Tag Archives: Nigeria

New York City Celebration

By Johna Till Johnson

New York City Celebration

The festival arrives!

People often ask why I live in New York. Yes, it’s crowded. And expensive. And even though the crime rate is way down from the 1980s when I first lived here, it’s still a city—with all the dangers a city brings.

I try to explain, but the truth is, it’s not the cultural richness. Or the wonderful food. Or even the variegated mix of people.

It’s that New York can continue to surprise and amaze me. As it did on a recent overcast autumn day: I’d just finished brunch with a friend and decided on the spur of the moment to walk the three miles home. I made it less than half the way there when I noticed that the density of police officers had picked way up. And then I heard it: Music, and a few green-and-white-clad people dancing in the street.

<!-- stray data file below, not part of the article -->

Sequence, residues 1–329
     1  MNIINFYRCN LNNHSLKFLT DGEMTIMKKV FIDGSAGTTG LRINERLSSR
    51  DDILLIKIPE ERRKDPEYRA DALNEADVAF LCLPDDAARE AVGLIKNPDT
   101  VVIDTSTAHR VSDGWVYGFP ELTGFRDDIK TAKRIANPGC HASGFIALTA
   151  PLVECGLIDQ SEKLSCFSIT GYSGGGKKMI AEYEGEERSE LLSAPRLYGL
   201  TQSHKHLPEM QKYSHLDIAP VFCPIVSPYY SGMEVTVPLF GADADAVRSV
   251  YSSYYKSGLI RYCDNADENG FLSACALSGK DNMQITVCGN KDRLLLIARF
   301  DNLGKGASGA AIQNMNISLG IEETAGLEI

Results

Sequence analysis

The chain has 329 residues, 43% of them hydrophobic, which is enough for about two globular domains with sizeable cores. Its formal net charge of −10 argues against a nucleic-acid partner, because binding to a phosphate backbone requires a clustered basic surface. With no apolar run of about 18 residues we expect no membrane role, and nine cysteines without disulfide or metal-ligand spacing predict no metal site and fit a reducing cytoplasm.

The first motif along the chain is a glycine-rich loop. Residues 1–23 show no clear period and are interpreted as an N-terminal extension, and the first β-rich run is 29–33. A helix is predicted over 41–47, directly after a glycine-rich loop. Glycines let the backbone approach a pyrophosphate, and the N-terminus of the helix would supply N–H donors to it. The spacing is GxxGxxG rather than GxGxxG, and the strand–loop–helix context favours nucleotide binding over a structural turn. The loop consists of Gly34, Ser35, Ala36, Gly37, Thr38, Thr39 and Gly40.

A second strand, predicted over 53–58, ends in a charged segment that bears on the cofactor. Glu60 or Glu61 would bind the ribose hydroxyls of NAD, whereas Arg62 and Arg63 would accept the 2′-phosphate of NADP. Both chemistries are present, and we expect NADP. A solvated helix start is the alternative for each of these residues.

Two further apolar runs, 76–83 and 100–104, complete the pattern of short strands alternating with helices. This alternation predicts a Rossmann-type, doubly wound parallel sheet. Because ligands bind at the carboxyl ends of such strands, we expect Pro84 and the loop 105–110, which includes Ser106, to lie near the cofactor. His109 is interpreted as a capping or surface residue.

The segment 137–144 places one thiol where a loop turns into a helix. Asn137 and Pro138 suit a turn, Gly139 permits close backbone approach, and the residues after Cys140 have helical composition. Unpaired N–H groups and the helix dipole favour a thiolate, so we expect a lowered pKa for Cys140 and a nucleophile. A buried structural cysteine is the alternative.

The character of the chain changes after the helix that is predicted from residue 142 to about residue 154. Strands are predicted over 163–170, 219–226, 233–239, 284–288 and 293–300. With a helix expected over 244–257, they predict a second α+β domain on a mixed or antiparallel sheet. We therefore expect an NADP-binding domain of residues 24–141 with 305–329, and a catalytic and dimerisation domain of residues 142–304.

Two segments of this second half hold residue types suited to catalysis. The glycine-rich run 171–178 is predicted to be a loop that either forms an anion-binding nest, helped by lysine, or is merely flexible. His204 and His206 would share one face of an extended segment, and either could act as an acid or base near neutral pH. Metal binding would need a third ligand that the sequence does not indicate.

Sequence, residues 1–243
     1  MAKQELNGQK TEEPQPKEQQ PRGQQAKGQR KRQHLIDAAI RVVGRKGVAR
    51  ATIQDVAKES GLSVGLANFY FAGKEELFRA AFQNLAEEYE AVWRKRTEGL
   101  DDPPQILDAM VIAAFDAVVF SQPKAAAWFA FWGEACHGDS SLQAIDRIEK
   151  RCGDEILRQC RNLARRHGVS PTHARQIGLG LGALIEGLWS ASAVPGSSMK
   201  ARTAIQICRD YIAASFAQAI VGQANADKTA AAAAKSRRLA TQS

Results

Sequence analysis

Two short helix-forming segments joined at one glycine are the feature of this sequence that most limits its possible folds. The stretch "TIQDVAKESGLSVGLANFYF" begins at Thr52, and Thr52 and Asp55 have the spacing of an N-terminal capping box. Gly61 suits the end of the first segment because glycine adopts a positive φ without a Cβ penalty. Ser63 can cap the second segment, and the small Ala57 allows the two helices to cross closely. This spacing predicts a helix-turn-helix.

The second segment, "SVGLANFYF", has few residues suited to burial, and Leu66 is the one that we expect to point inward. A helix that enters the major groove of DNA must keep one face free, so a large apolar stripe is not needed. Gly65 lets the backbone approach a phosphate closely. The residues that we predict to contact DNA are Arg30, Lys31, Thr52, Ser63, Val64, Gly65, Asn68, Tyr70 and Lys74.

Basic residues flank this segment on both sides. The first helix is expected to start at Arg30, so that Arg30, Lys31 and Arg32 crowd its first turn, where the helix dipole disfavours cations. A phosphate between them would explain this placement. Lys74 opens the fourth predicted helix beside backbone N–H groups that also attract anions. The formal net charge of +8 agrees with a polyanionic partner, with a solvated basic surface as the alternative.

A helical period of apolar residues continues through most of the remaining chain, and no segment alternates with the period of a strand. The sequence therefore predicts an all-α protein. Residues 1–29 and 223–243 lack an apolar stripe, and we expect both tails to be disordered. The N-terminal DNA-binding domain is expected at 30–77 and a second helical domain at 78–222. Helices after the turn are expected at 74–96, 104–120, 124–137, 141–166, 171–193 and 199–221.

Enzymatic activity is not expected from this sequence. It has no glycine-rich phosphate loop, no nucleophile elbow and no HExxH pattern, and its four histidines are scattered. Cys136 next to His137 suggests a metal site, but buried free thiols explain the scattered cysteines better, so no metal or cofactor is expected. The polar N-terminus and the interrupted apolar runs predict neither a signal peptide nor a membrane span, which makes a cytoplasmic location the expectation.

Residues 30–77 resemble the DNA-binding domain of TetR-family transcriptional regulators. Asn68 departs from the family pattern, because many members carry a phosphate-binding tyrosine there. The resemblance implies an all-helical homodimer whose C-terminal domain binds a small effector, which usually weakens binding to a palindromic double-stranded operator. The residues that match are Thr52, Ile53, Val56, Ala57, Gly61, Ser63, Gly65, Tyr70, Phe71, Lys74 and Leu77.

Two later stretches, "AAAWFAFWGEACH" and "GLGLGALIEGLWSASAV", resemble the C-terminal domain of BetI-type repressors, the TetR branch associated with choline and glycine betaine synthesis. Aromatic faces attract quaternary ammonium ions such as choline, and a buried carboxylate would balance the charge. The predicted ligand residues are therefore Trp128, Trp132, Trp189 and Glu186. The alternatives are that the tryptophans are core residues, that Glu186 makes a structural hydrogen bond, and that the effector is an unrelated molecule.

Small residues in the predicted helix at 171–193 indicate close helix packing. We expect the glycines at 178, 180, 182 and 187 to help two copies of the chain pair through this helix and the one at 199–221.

A few more steps, and I was in the midst of a full-on street festival, with floats, marching bands, music, and dancing. Apparently it was the 55th birthday of Nigeria (who knew?) and celebrants were out in force. (Well, technically, modern Nigeria was founded on October 1, 1960, but close enough…)

I walked the next several blocks with a gigantic grin on my face. The music was infectious, the colors brilliant, and the energy electric. And by the time I got to the end of the festival, my heart was dancing along with the dancers.